06 Mar An increase in wildfires predicted
Throughout 2023, climate change will result in more wildfires, according to data gathered over the previous five years. But trends suggest that the worst is yet to come.
Earth’s global average surface temperature has risen in the past twenty years at a worrying rate, all as a result of human activity.
In 2000: Earth’s average global surface temperature was 0.39c.
In 2005: That number was raised to 0.67c.
In 2010: That number again increased to 0.72c.
In 2015: 0.9 Celsius – by this time, things became obvious and the majority of people were clued in on the dangers of climate change, but still unaware of the response required.
Now, in 2023, the last reported average global surface temperature of the world was a worrying 0.89 Celsius, despite the majority of transportation being shut down due to the covid-19 pandemic.
Canada has recently reported that: “the world’s eight most extreme wildfire weather years have occurred in the last decade”.
In the META region, the effects of climate change cannot be ignored even by those who want to deny it; there is an increased regularity to wildfires. In 2021, eight farmhouses burnt down, 22 stores and packing rooms and 21 farm houses damaged, four fatalities were reported and several individuals were injured, this is of course, before further damages caused as a result of the wildfires’ impacts on the region’s economy.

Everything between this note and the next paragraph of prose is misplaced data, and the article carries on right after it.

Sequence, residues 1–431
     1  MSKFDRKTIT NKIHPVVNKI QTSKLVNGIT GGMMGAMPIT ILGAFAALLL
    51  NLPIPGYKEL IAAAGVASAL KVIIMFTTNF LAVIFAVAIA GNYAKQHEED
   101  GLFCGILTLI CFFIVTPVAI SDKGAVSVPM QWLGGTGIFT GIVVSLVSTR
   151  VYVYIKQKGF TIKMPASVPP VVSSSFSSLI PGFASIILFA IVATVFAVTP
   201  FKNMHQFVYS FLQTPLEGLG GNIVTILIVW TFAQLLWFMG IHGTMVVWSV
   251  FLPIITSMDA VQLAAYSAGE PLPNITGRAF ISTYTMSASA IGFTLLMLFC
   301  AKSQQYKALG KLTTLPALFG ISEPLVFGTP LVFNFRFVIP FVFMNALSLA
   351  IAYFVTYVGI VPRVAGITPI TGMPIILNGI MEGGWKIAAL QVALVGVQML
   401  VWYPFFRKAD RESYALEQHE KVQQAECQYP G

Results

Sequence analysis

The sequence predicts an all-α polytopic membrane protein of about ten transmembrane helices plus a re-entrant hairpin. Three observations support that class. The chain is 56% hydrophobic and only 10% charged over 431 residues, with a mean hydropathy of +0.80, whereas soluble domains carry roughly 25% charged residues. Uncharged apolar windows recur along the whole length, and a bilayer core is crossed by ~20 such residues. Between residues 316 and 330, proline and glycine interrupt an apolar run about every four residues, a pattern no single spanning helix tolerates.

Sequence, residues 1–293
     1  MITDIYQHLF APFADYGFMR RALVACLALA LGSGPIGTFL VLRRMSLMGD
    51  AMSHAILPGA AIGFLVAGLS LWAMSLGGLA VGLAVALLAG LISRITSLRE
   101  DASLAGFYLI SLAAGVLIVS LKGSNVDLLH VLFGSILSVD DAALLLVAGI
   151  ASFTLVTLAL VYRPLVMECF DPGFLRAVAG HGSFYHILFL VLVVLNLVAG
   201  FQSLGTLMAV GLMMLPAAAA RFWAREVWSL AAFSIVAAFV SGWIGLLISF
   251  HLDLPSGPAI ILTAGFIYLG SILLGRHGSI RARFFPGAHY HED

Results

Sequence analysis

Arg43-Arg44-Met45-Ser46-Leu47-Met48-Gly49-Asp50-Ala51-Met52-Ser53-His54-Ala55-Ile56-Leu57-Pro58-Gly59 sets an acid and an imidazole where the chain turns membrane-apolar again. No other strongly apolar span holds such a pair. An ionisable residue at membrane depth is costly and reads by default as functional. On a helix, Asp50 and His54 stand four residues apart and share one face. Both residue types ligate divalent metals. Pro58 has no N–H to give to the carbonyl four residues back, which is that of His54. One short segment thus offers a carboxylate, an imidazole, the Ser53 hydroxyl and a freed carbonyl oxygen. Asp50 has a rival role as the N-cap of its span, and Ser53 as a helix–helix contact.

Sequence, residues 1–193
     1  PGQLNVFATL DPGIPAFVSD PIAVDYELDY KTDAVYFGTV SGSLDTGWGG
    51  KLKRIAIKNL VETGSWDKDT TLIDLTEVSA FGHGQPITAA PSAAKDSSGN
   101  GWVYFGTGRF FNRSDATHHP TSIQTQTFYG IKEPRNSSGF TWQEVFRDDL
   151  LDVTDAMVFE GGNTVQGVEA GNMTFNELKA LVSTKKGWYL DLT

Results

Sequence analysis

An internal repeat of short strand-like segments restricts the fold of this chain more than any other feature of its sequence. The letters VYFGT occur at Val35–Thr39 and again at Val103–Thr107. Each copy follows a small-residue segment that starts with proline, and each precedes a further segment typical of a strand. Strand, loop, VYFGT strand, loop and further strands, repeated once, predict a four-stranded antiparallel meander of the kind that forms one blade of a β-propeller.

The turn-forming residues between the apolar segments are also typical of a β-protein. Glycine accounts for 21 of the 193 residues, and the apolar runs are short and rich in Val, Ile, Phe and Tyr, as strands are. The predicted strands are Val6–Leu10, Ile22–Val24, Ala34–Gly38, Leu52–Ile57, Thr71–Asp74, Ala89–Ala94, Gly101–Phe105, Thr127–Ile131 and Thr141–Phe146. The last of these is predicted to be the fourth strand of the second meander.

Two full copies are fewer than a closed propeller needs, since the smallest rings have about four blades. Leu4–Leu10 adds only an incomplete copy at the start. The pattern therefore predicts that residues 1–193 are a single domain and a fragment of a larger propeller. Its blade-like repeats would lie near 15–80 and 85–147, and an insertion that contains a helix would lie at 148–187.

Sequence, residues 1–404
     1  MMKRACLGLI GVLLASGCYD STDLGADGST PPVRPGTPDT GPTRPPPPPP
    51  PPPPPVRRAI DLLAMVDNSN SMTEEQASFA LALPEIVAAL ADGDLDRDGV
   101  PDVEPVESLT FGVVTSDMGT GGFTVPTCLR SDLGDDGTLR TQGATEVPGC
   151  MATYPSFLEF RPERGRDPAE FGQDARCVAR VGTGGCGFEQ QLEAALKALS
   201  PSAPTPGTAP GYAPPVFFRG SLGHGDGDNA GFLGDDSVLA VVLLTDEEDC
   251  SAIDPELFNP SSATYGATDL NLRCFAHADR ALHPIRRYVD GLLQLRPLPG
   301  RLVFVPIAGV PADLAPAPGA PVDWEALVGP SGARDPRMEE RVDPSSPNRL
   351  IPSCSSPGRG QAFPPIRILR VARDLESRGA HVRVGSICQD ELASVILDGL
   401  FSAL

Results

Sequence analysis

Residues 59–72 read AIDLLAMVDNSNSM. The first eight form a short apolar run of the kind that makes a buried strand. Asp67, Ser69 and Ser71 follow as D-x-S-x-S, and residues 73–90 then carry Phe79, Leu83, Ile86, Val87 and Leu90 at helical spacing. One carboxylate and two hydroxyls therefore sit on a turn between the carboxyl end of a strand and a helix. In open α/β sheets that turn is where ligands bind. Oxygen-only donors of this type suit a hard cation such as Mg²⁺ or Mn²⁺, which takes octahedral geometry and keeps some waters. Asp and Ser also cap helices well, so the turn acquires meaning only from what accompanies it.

The Working On Fire (WOF)’s contribution to combatting, on average, 2,500 wildland fires per annum speaks further to the number of wildfires taking place. The silver lining, is that there has been intensive development in the WOF Program, which has continued to grow at an incredible rate over the last 18 years. It now has the capability and size of workforce to battle wildfires as they take place.
The future of the WOF is subject to the availability of government funding, however, with the increase in global surface temperature, more wildfires are bound to spread across the META region, meaning the WOF will be needed more than ever.
Tackling wildfires doesn’t always have to mean expensive equipment, tools or technology. It seems that sheep could actually be a powerful weapon to manage wildfires – and it’s cost efficient and effective for fire fuel mitigation.